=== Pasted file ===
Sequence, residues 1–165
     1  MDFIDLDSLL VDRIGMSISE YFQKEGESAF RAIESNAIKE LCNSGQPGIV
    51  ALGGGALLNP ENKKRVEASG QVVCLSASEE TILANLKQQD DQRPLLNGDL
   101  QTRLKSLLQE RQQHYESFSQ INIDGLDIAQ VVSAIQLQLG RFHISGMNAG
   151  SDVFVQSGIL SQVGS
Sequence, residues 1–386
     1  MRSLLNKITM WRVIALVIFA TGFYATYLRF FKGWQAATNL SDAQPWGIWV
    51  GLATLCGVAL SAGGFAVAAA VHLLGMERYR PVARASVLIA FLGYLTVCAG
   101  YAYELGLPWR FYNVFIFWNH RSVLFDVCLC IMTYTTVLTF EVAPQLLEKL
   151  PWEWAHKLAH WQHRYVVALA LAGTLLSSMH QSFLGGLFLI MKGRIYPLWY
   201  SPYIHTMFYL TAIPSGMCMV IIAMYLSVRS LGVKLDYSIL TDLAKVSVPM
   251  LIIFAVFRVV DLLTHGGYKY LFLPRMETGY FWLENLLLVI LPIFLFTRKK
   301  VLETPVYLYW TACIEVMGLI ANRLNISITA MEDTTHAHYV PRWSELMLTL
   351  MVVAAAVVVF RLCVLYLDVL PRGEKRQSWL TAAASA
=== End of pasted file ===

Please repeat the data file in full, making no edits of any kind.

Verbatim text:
Sequence, residues 1–165
     1  MDFIDLDSLL VDRIGMSISE YFQKEGESAF RAIESNAIKE LCNSGQPGIV
    51  ALGGGALLNP ENKKRVEASG QVVCLSASEE TILANLKQQD DQRPLLNGDL
   101  QTRLKSLLQE RQQHYESFSQ INIDGLDIAQ VVSAIQLQLG RFHISGMNAG
   151  SDVFVQSGIL SQVGS
Sequence, residues 1–386
     1  MRSLLNKITM WRVIALVIFA TGFYATYLRF FKGWQAATNL SDAQPWGIWV
    51  GLATLCGVAL SAGGFAVAAA VHLLGMERYR PVARASVLIA FLGYLTVCAG
   101  YAYELGLPWR FYNVFIFWNH RSVLFDVCLC IMTYTTVLTF EVAPQLLEKL
   151  PWEWAHKLAH WQHRYVVALA LAGTLLSSMH QSFLGGLFLI MKGRIYPLWY
   201  SPYIHTMFYL TAIPSGMCMV IIAMYLSVRS LGVKLDYSIL TDLAKVSVPM
   251  LIIFAVFRVV DLLTHGGYKY LFLPRMETGY FWLENLLLVI LPIFLFTRKK
   301  VLETPVYLYW TACIEVMGLI ANRLNISITA MEDTTHAHYV PRWSELMLTL
   351  MVVAAAVVVF RLCVLYLDVL PRGEKRQSWL TAAASA